“There is always a struggle in my mind between empirical knowledge and faith. Sometimes the two are in opposition and at other times their existence seems to tie in perfectly to each other. I think that is where the extremes of the characters Misunderstood and Keb came from in my first novel, Misunderstood. On the other hand, The Journey of Samson Pyne concentrates on the void left in between the extremes of this struggle. Samson Pyne is the confused personification of the crevasse that has divided the two sides. For me, he is the next level, or perhaps better said, the blank space waiting to be filled in. What ultimately is written into this blank space depends upon the outcome of his journey. What he sees and thinks will define the rest of his life.”
There is an inner drive in all of us that seeks to become something more than what we are to each other at any one point in time. Improving our existence on this Earth is a matter of accepting our faults and learning to rise above them.
There are some scenes within The Journey of Samson Pyne that have some truth behind them. For instance, says Alan, “I had traveled from Hollywood, California, to Las Vegas, Nevada, and on to some hotel close to the Utah/Arizona border within a 24-hour period. I had in that time also crossed Death Valley and remember thinking I needed to have the oil changed again in my truck. The following morning I went to a service center and a service attendant came to me wanting me to sign a release form. When I asked why, he said because there was very little oil in the oil pan. I told him it was impossible. I had travelled through Hollywood, across Death Valley and down the Vegas Strip the day and night before. How could I have done all that on less than a quart of oil in the pan? The service attendant just smiled and said, ‘Someone must be watching out for you.’ I have doubted miracles in the past, but in that moment I came very close to removing any doubt that miracles do indeed happen.”
Belief can be as destructive a force as it can be a healing one. Our thoughts can mislead us in the wrong direction as easily as they can lead us down roads to enlightenment.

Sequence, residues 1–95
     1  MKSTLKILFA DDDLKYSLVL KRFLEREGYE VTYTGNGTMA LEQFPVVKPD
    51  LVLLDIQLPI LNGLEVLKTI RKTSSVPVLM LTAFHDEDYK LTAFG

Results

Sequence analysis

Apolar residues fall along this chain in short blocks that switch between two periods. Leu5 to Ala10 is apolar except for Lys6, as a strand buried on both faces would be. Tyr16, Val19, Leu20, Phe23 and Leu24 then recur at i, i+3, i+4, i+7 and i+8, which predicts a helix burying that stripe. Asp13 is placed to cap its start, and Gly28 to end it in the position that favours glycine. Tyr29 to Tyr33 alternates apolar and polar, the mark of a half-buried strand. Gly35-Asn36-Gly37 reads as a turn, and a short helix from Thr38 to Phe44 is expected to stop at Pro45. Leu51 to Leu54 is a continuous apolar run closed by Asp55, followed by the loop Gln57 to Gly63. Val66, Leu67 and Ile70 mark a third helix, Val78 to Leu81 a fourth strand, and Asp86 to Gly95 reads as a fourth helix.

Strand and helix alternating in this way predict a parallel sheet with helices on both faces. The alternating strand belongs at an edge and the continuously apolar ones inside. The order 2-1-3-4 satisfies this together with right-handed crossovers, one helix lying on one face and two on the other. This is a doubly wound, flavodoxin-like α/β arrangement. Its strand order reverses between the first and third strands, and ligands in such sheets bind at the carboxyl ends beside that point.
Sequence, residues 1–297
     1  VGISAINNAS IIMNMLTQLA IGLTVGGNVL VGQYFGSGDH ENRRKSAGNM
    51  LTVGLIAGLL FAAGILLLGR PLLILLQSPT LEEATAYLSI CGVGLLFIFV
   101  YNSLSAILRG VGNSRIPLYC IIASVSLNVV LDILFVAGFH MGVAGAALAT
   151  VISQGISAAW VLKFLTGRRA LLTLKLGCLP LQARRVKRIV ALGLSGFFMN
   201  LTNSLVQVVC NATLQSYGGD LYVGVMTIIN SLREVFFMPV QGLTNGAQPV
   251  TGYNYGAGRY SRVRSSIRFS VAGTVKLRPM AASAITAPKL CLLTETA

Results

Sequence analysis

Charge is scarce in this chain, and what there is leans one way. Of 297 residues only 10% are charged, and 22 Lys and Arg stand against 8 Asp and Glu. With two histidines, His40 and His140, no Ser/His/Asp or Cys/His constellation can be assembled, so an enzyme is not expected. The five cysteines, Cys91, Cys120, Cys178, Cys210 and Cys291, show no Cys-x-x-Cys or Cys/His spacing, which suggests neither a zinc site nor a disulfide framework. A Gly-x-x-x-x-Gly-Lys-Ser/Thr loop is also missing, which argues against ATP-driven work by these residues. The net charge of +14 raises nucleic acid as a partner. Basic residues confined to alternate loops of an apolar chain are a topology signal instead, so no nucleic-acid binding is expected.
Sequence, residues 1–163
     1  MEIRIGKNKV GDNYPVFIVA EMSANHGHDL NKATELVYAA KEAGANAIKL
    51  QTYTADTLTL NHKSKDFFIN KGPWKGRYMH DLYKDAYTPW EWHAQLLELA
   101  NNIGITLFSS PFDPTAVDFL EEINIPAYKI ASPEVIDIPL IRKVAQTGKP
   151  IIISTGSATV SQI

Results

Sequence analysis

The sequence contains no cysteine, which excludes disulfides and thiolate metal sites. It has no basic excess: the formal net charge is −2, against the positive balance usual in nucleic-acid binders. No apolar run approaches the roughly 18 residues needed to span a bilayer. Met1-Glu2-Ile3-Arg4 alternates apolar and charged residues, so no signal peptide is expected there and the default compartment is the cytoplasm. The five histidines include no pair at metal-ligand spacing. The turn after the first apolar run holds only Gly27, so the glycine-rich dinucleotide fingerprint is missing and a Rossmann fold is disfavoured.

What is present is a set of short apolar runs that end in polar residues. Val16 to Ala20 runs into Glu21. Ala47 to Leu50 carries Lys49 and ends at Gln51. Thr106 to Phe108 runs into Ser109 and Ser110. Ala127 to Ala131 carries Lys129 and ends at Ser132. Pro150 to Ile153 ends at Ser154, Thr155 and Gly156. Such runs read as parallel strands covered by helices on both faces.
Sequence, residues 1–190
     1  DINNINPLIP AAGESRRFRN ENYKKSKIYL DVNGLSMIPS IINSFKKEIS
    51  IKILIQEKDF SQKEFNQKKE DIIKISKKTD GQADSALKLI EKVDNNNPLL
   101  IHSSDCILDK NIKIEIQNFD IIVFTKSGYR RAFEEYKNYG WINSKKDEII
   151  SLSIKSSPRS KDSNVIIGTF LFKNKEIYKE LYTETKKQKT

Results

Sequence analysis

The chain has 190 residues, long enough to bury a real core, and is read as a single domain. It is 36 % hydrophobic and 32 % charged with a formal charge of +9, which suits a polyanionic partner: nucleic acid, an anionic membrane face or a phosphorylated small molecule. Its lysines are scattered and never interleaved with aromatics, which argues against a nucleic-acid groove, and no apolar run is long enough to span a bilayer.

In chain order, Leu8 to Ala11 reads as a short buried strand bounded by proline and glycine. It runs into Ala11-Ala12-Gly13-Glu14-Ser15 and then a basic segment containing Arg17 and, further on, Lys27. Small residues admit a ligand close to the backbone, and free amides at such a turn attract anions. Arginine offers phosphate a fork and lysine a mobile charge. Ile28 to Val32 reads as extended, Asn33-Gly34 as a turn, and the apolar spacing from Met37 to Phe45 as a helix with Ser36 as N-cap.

“The central defining moment of my road trip was a moment when I sat no more than a quarter mile from crossing the border into Canada and leaving the United States. I had reached my goal of following the Rockies north to Canada. I still didn’t feel good even with this accomplishment. There was snow everywhere. I think if I had crossed the boundary line I might not have come back. But there to my right was this sign that read “LEAVING USA” and something about that didn’t feel right. This was the land I was raised within. Turning around was the best decision I have ever made, in spite of the hardships of being diagnosed with bipolar disorder in the years that followed. I remembered passing other signs in those first few miles after turning around at the border. There were many groups represented on these signs; associations that do good for communities. As I passed these signs, Ray Charles was singing “America The Beautiful” via the CD player in the background. He was singing the words about brotherhood in that moment and it seemed like the skies began to clear and a whole new world began to open up for me.”
Authors draw inspiration from many sources, but Alan’s seems to come more from living to write as opposed to reading to write. Although he agrees reading a lot of material is an important part of his inspiration, actually visiting areas he wants to fictionalize is central to his art. Photography and music are his other sources of inspiration. The Journey of Samson Pyne was born from an amazing road trip that Alan says will be with him forever.